- Men are entitled to be a creep by buying Valentine gifts for one or several female friends. The acceptable female reaction is that this is "sweet" and "nice", rather than "creepy" and "questionable". As with couples, girls are not allowed to buy male friends any gifts, romantic or otherwise.
You'll notice that these rules and the above waffle don't account for same-sex relationships. This is mainly out of a lack of data/evidence on my part. However, I suspect that Valentine's Day is so steeped in heterosexual gender stereotypes that, happily, gay couples are allowed to do whatever the hell they like.
In case you're wondering...
If this blog post has filled you with rage, or the sarcastic bits weren't obvious, my apologies for not being clear. I'm a cantankerous old modernist. I dislike gender stereotypes and pointless traditional social rituals***, even the socially-acceptable ones, and especially the ones I sign up to myself. If I say "girls are like this, boys are like this" it's a) mainly sarcastic, made in the knowledge that people are genuinely individual different people regardless of what sex/gender they are (and that this is obvious), and b) a sweeping self-aware generalisation based on the fact that most people really do sign up to gender stereotypes.****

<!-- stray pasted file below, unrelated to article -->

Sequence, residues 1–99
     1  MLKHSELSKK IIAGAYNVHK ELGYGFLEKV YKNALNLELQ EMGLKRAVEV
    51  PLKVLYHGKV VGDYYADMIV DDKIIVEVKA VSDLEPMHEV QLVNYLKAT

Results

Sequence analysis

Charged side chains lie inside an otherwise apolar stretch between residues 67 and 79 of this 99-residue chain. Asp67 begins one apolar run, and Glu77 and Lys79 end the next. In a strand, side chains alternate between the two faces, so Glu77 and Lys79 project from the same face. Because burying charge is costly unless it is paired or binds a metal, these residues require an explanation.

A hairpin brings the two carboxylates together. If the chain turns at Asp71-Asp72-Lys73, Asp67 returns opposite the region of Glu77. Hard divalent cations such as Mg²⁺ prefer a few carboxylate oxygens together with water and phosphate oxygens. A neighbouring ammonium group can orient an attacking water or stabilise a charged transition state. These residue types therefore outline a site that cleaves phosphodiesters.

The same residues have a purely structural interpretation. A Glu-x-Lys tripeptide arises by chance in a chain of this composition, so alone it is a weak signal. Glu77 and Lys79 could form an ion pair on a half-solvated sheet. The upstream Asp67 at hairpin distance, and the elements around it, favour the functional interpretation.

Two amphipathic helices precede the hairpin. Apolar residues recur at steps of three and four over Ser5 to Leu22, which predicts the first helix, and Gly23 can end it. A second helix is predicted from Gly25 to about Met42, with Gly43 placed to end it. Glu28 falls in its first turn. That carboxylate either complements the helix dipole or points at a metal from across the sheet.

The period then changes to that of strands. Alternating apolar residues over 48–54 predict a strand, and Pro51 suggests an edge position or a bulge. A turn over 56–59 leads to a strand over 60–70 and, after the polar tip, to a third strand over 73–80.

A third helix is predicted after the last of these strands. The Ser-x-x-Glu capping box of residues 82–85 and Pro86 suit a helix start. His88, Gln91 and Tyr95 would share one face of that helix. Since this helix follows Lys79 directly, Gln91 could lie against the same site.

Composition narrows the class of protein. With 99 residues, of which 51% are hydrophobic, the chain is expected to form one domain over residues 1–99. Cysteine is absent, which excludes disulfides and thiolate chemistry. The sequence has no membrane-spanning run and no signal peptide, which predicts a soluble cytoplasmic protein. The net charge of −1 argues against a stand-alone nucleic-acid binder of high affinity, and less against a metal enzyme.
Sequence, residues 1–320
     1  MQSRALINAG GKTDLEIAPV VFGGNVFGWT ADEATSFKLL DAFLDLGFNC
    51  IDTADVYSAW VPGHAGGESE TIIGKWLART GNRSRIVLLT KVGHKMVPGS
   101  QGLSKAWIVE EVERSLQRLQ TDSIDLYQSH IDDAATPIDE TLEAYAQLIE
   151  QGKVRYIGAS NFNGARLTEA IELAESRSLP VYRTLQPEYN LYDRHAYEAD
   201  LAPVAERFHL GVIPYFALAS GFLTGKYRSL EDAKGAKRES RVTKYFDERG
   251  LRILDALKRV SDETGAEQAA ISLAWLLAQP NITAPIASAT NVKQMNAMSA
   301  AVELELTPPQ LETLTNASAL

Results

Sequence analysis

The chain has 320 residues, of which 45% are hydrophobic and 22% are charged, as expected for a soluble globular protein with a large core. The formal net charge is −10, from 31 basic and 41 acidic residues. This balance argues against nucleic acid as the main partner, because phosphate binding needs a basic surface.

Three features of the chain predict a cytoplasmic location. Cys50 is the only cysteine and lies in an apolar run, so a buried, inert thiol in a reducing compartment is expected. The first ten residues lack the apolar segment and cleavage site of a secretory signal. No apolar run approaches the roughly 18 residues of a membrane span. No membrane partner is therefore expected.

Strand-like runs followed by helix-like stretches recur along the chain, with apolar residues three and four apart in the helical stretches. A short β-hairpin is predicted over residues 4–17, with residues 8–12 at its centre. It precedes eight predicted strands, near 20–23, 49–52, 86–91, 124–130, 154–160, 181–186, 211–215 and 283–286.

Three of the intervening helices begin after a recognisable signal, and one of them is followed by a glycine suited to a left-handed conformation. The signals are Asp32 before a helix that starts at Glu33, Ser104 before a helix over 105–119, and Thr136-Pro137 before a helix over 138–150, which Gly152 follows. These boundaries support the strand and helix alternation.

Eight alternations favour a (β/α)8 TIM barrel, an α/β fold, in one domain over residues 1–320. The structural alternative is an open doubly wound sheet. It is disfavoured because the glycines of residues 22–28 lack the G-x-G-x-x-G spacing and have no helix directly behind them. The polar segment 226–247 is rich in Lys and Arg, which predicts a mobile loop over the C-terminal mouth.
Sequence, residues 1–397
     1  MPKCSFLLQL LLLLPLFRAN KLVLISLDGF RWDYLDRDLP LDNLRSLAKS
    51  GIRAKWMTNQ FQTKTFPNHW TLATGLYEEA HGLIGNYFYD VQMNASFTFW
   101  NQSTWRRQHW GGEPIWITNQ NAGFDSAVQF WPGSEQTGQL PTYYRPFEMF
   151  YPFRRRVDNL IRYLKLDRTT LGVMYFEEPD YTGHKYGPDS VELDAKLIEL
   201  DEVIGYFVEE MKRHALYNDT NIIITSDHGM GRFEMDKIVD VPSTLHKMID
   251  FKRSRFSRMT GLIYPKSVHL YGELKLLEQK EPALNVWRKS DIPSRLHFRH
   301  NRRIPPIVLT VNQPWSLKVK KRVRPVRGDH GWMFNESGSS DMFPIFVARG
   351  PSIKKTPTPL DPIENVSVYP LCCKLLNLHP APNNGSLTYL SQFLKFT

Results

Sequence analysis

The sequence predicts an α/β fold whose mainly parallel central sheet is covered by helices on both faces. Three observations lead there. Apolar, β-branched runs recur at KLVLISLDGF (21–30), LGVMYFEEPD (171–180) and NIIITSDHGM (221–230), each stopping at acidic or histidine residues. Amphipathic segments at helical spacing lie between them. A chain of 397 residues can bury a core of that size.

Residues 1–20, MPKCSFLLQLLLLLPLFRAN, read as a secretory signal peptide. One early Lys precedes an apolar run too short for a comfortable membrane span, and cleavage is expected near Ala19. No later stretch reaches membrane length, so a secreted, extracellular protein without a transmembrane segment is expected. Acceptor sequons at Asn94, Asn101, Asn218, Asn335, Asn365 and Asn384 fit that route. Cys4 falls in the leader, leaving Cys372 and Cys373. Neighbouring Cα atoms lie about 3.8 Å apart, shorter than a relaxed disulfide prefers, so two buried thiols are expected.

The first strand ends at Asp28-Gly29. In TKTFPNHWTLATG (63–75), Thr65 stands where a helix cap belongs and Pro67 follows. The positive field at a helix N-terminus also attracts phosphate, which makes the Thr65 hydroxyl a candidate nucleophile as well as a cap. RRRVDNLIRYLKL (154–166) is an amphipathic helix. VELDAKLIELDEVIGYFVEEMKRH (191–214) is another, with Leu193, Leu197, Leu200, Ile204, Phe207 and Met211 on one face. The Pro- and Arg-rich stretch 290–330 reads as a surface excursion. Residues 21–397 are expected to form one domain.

I guess it's hard to do something "different" on Valentine's Day, because the very day itself is about a narrow version of romantic love. Do something different, like going paintballing or having an art party, and suddenly it's got nothing to do with Valentine's Day any more.
My ideal Valentine's Day is one where it doesn't exist, and women aren't patronised, and nobody worries about it, because it doesn't exist.
I'm sure there's lots of people "breaking" the "rules" out there. In many countries, this is one of the most fascinating, creative and interesting times to be a human being, and every year it seems to get even more creative and different and free. On the other hand, I'm sad that during such an exciting time, outdated gender stereotypes are so widespread, and stubborn, and don't seem to be going anywhere.
Oh, one final rule - on no account are you allowed to express romantic love on any other day of the year.
Happy Valentine's Day! x
* I must admit this is a stereotype with a lot of weight behind it. I cannot remember meeting a single girl or woman who didn't have a overly enthusiastic attitude towards cheese. Maybe I've met some and cheese was just never discussed?
** In my mind, the Valentine Blob is standing there, dripping goo all over your doorstep, and says, "Hey, do you happen to have about a tree fiddy?" Every. Year.
*** Like many traditional social rituals, the Valentine's Day we know was created very recently, going back far shorter into history than everyone believes it did. The same goes for white wedding dresses, romantic love itself, and marriage having anything to do with religion.
**** People say "you can't make generalisations". Well, stuff that. I make generalisations because in order to challenge things we need to accept that they exist.